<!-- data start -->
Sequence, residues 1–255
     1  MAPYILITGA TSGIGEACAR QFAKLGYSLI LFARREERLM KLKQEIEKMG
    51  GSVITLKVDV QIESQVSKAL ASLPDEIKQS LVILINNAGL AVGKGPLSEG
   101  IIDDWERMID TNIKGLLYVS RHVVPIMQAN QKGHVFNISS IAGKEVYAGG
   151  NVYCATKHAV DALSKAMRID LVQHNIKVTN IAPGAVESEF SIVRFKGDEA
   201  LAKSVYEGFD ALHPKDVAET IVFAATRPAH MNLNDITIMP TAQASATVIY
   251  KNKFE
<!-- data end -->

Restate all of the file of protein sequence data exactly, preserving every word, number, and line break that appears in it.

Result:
Sequence, residues 1–255
     1  MAPYILITGA TSGIGEACAR QFAKLGYSLI LFARREERLM KLKQEIEKMG
    51  GSVITLKVDV QIESQVSKAL ASLPDEIKQS LVILINNAGL AVGKGPLSEG
   101  IIDDWERMID TNIKGLLYVS RHVVPIMQAN QKGHVFNISS IAGKEVYAGG
   151  NVYCATKHAV DALSKAMRID LVQHNIKVTN IAPGAVESEF SIVRFKGDEA
   201  LAKSVYEGFD ALHPKDVAET IVFAATRPAH MNLNDITIMP TAQASATVIY
   251  KNKFE